My friend Lauren was rather exotic and her parents were very generous. One snowy, full moon weekend in January, we loaded up the car with snowshoes, two dogs and provisions, and headed out to their lake house on Lake Superior. It was a mile trek in to the house from the road, but the beauty of the moonlit night made it almost mystical. We were both in decent shape, but tired by the time we got to the house. The dogs were very thirsty, and bolted to the edge of the lake to drink from the small pools that had not yet frozen over. It was easy to feel isolated there at this time of year, because most of the lake houses were closed up for the winter. But, someone must have inhabited one of those homes because two very large and aggressive dogs bolted out of nowhere and appeared to be charging toward our Golden Retrievers. I got nervous, and Lauren got busy calling her dogs.
But, her dogs didn’t need our help; they took themselves down and exposed their bellies to the larger dogs. Within seconds, the aggressive dogs backed down and all four of them were wagging their tails. Lauren and I looked at each other and said,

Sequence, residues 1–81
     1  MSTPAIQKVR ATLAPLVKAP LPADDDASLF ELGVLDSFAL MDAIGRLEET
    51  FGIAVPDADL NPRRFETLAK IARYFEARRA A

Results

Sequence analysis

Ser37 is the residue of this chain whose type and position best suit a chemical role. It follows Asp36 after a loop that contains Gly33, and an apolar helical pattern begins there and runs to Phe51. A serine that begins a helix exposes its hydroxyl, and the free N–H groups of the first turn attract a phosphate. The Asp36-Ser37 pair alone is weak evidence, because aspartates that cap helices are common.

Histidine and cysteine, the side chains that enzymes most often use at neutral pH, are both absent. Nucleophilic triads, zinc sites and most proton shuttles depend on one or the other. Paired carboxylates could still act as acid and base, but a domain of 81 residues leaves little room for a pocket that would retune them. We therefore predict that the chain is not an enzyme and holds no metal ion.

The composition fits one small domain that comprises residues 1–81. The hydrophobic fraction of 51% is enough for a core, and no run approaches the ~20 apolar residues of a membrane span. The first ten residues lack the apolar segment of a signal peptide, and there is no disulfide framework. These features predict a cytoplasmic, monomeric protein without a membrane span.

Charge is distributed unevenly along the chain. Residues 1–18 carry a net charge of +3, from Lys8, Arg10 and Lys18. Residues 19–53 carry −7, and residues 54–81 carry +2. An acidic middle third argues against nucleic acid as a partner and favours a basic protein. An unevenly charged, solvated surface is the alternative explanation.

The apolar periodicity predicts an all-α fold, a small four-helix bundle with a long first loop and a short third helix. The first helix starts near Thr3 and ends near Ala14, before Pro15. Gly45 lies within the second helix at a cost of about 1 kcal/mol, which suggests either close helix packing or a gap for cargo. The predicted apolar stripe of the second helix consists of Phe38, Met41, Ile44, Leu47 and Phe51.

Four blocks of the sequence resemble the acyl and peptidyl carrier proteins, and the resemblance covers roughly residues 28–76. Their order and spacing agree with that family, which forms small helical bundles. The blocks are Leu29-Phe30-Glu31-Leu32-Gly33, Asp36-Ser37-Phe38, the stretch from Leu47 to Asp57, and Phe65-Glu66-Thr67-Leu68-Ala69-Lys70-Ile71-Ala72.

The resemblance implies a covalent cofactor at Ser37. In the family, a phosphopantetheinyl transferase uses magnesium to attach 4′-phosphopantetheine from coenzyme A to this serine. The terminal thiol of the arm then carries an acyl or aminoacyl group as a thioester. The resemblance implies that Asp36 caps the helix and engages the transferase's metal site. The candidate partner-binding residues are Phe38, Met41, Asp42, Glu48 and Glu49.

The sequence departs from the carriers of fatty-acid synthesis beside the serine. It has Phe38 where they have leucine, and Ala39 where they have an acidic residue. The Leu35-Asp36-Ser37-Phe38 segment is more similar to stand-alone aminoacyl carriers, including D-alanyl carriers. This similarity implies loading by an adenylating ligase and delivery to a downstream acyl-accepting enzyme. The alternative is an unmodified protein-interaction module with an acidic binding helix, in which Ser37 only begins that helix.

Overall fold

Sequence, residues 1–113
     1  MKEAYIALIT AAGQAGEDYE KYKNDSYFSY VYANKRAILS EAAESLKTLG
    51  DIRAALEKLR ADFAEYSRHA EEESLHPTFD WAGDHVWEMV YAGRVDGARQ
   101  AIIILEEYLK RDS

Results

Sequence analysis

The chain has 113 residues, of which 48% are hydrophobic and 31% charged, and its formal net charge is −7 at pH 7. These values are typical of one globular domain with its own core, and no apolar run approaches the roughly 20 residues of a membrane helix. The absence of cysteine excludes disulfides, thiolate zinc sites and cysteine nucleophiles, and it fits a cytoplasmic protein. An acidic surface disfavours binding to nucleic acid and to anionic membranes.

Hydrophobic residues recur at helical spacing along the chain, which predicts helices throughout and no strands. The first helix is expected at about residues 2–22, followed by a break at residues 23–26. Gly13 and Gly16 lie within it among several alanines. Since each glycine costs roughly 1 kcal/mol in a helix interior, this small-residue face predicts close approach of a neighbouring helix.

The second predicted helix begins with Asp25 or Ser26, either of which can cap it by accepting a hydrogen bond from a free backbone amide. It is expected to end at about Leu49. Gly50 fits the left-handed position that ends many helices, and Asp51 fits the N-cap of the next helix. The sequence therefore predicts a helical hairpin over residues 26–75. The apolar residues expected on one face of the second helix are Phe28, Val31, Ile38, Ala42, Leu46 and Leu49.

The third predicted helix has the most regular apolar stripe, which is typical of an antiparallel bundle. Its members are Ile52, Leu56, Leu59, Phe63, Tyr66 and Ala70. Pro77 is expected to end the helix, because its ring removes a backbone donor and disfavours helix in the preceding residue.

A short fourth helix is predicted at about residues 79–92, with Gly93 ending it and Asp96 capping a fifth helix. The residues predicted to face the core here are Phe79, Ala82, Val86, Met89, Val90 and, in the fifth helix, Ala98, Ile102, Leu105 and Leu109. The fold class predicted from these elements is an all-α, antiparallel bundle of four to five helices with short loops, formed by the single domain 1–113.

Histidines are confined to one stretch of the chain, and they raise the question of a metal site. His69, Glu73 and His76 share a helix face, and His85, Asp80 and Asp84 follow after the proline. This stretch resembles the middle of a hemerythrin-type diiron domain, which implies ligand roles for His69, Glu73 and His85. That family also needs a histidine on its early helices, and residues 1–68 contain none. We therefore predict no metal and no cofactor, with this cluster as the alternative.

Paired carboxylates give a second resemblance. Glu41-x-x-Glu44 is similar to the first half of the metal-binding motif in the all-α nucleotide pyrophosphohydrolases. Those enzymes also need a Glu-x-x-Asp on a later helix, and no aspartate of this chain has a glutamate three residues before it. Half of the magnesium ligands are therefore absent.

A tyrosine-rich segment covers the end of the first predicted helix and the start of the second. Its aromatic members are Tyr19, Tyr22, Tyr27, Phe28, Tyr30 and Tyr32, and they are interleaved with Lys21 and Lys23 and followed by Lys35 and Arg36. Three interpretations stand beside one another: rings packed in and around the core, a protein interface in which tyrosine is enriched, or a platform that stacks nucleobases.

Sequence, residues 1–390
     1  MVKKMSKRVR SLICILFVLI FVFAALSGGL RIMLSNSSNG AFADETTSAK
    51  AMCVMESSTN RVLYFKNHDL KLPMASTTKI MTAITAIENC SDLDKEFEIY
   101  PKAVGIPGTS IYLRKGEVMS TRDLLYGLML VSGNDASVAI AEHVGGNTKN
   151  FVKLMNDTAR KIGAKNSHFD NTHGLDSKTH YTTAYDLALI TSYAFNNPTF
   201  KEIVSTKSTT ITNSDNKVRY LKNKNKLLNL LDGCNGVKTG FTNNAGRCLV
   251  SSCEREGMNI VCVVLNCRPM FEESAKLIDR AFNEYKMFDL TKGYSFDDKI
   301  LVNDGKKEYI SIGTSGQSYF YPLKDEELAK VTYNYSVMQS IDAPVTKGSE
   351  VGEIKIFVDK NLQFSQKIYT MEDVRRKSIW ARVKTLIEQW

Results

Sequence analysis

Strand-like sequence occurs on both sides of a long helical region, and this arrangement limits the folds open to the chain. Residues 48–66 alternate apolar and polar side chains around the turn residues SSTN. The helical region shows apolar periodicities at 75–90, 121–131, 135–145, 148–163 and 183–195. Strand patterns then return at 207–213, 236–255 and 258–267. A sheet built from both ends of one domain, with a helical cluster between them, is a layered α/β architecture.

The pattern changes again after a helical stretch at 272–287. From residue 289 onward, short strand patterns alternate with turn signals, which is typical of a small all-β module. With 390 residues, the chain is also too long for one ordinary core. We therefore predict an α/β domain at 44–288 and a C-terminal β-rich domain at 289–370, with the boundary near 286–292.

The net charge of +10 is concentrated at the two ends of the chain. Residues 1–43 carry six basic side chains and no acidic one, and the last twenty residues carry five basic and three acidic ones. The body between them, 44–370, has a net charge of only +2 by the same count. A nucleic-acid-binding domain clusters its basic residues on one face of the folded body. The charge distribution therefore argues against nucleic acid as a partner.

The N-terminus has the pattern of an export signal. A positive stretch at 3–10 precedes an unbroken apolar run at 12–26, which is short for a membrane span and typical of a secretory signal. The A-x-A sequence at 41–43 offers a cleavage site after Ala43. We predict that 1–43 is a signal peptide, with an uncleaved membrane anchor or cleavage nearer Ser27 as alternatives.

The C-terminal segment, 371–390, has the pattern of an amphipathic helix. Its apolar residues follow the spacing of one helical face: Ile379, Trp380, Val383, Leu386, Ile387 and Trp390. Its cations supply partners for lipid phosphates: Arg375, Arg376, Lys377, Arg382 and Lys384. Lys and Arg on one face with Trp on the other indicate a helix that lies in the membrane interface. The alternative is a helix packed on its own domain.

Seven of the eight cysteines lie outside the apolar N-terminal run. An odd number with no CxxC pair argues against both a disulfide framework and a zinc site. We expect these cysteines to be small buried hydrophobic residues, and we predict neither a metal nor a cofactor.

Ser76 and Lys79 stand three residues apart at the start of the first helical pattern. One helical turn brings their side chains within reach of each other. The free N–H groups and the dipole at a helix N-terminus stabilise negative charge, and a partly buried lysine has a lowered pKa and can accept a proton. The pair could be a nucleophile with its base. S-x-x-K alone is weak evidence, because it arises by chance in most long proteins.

“If only we could do that when we are afraid.”
Maybe you are saying, “Yes, but they are dogs and that is a natural thing for animals to do.”
But it works. That memory stayed with me, together with all the mystical imprints of that beautiful place, because it contained a powerful spiritual truth. Vulnerability enables connection; vulnerability allows the flow of power because we stop hiding and defending, and are seen.
A man sat with me as I cried. He also warned me to stay away from other men there, because many were on parole and I was, “a really pretty lady.” I was wearing a shirt inside out, had no makeup to hide my swollen eyes, and I was shaking like a leaf. He noticed that I didn’t have any luggage when I came in and asked me to wait on the couch in the hall until he came back. When he did, he brought a pair of jeans and two white cotton shirts from his closet for me. He gave me the shirt off of his back.
This beautiful gesture was made by a man with three missing fingers on his right hand, scars on his face and tatoos all over his arms. He had hurt himself, over and over again, because he thought he had to be tough and fight. When he told me his story of addiction, I could feel the pain of a wounded heart.
There was plenty to be afraid of in the social detox center. I hadn’t even read about most of what I was witnessing. Edgy people, drug deals, hustlers and predators.
But, something beautiful was moving too. Toward the center of my being and toward the mystery beyond it.